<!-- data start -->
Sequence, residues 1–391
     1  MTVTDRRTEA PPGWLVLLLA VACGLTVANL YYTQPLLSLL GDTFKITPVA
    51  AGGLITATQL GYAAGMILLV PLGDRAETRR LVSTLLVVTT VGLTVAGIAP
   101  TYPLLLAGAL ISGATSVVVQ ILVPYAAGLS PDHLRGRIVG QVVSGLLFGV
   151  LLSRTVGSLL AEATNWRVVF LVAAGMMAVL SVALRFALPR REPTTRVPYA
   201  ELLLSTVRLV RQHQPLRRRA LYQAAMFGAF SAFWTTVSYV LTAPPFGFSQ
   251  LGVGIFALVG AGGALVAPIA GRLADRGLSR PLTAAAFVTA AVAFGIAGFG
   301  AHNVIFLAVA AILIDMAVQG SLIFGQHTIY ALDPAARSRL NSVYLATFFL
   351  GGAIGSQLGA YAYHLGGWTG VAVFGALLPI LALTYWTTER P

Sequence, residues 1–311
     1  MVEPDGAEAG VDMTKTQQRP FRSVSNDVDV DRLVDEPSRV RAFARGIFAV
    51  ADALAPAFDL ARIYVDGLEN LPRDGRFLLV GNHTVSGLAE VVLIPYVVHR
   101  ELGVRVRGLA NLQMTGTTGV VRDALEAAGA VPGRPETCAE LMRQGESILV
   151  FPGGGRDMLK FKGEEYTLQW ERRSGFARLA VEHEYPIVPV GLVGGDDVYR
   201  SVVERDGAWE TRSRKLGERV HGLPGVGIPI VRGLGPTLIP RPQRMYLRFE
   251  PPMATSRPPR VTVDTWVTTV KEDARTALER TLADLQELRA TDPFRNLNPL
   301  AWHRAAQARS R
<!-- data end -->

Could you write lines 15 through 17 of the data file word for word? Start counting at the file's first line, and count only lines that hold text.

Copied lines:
   201  SVVERDGAWE TRSRKLGERV HGLPGVGIPI VRGLGPTLIP RPQRMYLRFE
   251  PPMATSRPPR VTVDTWVTTV KEDARTALER TLADLQELRA TDPFRNLNPL
   301  AWHRAAQARS R